What is Acid Mine Drainage & How to Identify It
Acid mine drainage forms when sulfide minerals are exposed to oxidizing conditions in coal and metal mining, highway construction and other large-scale excavations. There are many types of sulfide minerals. Iron sulfides common in coal regions are predominately pyrite and marcasite (FeS2), but other metals may be complexed with sulfides like chalcopyrite (CuFeS2), covellite (CuS), galena (PbS) and sphalerite (ZnS). Pyrite commonly occurs with these other metal sulfides thereby causing AMD where copper, lead and zinc are mined.
Upon exposure to water and oxygen, sulfide minerals oxidize to form acidic, sulfate-rich drainage. Metal composition and concentrations in AMD depend on the type and quantity of sulfide minerals present. The drainage quality emanating from underground mines or backfills of surface mines is dependent on the acid-producing (sulfide) and alkaline (carbonate) minerals contained in the disturbed rock. In general, sulfide-rich and carbonate-poor materials produce acidic drainage. In contrast, alkaline-rich materials, even with significant sulfide concentrations, often produce alkaline conditions in water.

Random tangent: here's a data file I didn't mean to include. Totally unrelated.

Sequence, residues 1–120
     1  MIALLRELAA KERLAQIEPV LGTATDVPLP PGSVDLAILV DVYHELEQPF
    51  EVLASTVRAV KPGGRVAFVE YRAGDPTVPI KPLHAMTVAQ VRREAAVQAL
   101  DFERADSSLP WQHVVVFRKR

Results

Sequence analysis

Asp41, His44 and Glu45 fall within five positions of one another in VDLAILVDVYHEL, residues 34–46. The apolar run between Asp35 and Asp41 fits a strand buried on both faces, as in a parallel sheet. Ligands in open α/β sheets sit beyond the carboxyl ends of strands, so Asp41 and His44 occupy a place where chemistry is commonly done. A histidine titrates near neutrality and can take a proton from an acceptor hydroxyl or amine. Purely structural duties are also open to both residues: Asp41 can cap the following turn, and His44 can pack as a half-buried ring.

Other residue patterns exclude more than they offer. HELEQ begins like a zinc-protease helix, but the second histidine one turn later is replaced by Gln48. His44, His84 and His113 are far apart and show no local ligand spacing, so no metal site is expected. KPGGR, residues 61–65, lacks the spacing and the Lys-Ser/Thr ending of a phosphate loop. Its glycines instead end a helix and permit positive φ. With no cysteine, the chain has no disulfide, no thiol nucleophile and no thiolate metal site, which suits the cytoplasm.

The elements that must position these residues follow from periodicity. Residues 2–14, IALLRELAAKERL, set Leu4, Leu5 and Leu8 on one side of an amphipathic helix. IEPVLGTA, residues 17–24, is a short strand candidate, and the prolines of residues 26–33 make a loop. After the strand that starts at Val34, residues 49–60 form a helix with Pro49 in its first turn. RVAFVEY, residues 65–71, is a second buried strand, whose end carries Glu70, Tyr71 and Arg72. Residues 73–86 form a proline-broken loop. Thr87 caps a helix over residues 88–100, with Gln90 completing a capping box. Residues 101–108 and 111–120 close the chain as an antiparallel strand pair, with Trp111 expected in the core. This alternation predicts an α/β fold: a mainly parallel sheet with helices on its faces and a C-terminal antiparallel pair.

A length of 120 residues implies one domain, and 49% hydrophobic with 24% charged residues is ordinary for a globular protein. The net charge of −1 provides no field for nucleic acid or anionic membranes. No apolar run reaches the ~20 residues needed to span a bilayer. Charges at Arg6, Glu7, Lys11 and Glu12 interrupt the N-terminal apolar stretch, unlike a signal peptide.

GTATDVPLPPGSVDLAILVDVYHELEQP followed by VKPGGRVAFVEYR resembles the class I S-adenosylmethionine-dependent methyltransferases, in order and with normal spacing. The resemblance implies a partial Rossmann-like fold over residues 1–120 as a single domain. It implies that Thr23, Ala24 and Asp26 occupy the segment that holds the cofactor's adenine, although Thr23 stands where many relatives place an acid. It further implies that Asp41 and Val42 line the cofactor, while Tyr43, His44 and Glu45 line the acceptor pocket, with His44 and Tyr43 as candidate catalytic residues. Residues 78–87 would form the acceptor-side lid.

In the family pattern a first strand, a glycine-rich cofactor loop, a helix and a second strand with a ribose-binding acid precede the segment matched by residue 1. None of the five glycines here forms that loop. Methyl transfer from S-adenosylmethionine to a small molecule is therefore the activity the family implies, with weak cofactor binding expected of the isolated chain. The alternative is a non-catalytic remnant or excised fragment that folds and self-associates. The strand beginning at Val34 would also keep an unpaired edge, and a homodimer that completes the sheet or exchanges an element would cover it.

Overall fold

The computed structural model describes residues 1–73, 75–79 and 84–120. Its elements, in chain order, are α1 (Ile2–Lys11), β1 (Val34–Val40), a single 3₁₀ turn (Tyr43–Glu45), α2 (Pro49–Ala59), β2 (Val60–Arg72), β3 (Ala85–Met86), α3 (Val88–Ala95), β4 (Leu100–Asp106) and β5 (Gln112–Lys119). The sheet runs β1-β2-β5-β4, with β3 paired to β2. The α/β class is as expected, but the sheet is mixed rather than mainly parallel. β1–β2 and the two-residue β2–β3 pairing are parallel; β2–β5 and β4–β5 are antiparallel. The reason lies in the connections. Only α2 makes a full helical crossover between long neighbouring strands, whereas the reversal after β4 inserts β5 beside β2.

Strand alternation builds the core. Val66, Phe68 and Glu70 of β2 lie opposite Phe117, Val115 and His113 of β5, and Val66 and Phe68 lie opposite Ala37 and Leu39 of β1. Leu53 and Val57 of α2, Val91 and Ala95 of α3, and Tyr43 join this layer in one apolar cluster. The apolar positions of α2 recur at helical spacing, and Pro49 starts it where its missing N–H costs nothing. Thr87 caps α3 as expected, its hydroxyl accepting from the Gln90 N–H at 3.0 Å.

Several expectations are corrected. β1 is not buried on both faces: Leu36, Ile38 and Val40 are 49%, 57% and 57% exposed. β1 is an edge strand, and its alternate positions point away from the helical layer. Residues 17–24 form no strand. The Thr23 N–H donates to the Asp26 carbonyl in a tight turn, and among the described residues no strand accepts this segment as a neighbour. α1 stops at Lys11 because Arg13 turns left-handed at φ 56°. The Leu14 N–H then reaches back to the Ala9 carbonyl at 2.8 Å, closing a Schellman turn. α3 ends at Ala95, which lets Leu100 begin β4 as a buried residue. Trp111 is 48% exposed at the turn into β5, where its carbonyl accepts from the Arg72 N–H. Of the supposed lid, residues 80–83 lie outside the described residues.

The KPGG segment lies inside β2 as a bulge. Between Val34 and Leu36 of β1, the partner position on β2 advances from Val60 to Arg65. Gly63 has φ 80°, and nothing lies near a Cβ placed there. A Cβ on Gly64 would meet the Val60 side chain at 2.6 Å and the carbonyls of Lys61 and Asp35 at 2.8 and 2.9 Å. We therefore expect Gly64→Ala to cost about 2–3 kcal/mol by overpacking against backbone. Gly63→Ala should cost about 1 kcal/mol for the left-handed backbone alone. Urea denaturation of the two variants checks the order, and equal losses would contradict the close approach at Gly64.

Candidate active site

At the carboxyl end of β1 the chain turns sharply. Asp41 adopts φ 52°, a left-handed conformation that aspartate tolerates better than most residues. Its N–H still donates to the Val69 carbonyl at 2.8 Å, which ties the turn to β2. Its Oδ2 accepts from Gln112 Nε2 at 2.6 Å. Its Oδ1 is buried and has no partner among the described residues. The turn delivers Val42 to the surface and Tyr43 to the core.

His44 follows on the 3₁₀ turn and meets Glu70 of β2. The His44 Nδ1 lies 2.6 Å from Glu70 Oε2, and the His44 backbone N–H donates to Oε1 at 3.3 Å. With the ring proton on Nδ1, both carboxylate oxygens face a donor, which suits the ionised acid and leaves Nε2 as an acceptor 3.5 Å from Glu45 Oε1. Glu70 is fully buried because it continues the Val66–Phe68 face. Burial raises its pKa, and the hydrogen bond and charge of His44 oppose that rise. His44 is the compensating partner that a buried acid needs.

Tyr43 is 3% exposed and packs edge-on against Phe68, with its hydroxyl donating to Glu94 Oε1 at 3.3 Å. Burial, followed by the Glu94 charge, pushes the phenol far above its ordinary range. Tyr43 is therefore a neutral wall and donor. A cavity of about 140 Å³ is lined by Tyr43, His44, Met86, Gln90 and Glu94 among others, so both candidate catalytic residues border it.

Acidity in AMD is comprised of mineral acidity (iron, aluminum, manganese and other metals depending on the specific metal sulfide) and hydrogen ion acidity. Approximately 20,000 kilometers (or roughly 12,400 miles) of streams and rivers in the United States are degraded by AMD. About 90% of the AMD reaching streams originates in abandoned surface and deep mines. Since no company or individual claims responsibility for reclaiming abandoned mine lands, no treatment of the AMD occurs and continual contamination of surface and groundwater resources results.